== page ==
Desert adventures

Wednesday, August 08, 2007
Sonora, Arizona, United States

 We got up in a very leisurely manner today as the thermometer at the office was reading 98.6°F or 37°C, body temperature....it was certainly very hot, so we wound the awning out for protection for breakfast. I spent time on the internet in the computer room to find a hotel for the night before our flight home and decided on the Sleep Inn Phoenix Airport, so I booked it online.


 We set off for Tucson and the desert museum; it was getting hotter by the minute, and there was a clear blue sky with hardly any clouds, but sadly the views weren't stunning. We arrived at the Sonora Desert Outdoor Museum to find the thermometer had now climbed to 106°F or 41°C, far too hot to do much really, but this was probably the only time we would ever be here, so off we went.


 The self-guided trail through desert gardens was beautiful, full of desert-adapted plants & cacti but VERY hot. We went into the indoor displays about the geology(airconditioned! Wonderful!) where the mock-up of a cave was very well done and where there were excellent insect and reptile houses.


 Back outside there were habitat enclosures for the desert animals; they were "natural", ie. man made but looking realistic, and were extremely well done. We saw puma, black bear, mountain goats, beavers and otters, then moved on to the free-flying aviary with yet more hummingbirds. It was very impressive and the surroundings were beautiful, great value for the $9 each we had paid.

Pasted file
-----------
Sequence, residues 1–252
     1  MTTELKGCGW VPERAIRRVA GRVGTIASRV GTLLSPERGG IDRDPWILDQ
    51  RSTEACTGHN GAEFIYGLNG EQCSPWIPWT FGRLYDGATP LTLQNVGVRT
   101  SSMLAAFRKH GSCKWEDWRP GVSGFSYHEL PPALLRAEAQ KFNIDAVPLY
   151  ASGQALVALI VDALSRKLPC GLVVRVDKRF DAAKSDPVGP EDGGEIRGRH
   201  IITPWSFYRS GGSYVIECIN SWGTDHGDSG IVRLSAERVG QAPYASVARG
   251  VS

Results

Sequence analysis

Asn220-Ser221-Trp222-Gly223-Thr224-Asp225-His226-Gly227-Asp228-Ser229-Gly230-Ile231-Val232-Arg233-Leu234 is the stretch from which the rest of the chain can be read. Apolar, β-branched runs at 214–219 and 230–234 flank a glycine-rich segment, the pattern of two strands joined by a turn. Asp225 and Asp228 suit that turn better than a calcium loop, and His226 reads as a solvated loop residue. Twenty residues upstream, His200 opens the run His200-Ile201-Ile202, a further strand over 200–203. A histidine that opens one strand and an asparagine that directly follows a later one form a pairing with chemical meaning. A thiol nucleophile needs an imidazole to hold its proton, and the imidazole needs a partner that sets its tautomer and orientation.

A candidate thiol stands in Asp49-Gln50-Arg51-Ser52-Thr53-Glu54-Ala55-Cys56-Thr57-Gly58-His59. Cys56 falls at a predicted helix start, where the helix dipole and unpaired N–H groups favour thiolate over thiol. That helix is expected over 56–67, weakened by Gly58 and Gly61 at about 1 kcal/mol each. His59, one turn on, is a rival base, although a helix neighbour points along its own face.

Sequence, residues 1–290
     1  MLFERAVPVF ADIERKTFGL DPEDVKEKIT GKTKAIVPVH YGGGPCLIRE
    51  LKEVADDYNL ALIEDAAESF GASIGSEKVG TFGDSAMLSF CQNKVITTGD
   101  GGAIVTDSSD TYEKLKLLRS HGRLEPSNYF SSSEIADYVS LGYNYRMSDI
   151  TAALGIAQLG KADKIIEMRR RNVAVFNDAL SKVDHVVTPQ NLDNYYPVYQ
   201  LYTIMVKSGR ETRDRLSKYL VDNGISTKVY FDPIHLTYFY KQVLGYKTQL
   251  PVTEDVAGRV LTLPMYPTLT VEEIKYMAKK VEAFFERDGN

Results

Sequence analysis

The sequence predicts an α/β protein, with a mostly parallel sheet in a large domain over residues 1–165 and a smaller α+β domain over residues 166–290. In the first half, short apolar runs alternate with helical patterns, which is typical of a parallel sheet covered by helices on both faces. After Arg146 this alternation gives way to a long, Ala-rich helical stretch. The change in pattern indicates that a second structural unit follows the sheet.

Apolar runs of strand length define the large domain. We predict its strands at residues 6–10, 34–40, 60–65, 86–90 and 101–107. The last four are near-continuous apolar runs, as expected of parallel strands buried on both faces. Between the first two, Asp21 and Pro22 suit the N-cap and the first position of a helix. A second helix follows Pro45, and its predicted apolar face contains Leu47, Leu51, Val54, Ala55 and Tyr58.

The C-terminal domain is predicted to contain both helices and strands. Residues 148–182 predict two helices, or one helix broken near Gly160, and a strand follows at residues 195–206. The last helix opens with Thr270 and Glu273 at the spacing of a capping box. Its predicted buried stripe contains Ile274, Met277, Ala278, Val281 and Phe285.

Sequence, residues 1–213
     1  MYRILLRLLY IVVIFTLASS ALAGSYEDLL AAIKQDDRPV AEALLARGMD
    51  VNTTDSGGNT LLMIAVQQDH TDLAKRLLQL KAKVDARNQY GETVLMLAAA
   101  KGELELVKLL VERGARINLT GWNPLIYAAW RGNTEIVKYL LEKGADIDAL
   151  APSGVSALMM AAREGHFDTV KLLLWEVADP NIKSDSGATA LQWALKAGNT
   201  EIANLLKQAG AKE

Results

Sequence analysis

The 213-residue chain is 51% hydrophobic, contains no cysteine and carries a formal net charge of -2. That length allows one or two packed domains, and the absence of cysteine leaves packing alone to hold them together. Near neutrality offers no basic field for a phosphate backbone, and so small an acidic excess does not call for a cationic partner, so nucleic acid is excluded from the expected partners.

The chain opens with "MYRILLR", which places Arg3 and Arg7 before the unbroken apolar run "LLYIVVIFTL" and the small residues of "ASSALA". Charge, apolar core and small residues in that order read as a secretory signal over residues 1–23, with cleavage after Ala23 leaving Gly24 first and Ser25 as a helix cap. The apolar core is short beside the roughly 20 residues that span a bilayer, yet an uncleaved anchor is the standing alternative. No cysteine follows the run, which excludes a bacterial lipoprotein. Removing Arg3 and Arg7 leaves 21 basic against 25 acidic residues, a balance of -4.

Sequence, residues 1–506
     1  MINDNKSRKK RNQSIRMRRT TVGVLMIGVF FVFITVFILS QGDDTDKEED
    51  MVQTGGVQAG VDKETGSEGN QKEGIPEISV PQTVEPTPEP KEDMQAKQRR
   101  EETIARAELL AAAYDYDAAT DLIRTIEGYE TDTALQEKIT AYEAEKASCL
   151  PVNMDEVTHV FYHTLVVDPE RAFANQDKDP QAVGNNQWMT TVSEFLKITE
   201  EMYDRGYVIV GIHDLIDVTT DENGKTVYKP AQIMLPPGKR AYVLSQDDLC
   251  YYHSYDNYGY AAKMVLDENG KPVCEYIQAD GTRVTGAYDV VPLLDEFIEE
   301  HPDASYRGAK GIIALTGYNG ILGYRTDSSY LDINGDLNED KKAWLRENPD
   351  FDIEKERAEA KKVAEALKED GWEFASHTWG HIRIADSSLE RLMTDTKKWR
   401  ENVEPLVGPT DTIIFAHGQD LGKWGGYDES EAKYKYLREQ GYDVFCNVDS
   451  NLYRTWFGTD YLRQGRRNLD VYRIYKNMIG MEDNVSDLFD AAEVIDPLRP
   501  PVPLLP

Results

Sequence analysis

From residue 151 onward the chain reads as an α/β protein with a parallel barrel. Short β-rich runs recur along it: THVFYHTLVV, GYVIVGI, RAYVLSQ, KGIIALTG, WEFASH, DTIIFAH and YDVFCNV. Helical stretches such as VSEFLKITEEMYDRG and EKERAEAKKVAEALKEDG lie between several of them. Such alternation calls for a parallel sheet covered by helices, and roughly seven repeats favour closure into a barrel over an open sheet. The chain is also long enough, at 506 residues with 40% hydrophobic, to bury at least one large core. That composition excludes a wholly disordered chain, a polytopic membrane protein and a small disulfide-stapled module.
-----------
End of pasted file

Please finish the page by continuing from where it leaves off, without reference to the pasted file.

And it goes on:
It was far too hot to walk the Desert Loop so we returned to the van (more airconditioning! Wonderful!) and drove to Saguaro National Park just a mile up the road. The surroundings were very pretty with typical desert scenery, but the road was like a switchback with dry washes. Once we entered the park the road itself deteriorated into a very rough unpaved one so the RV rattled and rolled its way along, but the scenery was even better: we drove up to Signal Hill picnic site for lunch and were the only ones there (much too hot for sensible people) then returned to the road with great views of red rocks and Saguaro cacti.


 I love those plants standing with their arms pointing at the sky, but was amazed at the story of their growth: a “teenage” cactus is only 1 ft high and one of 7 feet will have taken 50 years to grow. They can grow to 50 feet in 150-200 years, and can have up to 40 arms depending on the area and the reliability of the rainfall. Their roots are also incredible, growing about 3 ins from the surface but spreading out in all directions for up to 100ft to support the cactus above. The most fascinating fact of all was about their seeds: one plant produces around 40 MILLION seeds in a lifetime, but probably only ONE will survive – and there we were, surrounded by these giants.


 

 Our holiday was drawing to an end and it was time to head towards Phoenix where we would have to return the RV; the I-10 was very busy and the scenery very boring, with not even a house to look at - what a contrast with earlier today. We drove to the suburb of Mesa so we could look round an RV dealer’s in the morning – but finding a site proved a little challenging. Number one choice didn’t exist any more, number 2’s showers/restrooms weren’t working so we ended up at The Tiffany: a very nice site on Main St with few facilities but a very friendly owner. We toasted our holiday with a glass of wine, amusingly named “Fat Bastard”; we’d been saving this for our last night but sadly it was consigned down the drain after one sip.
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2022-07-01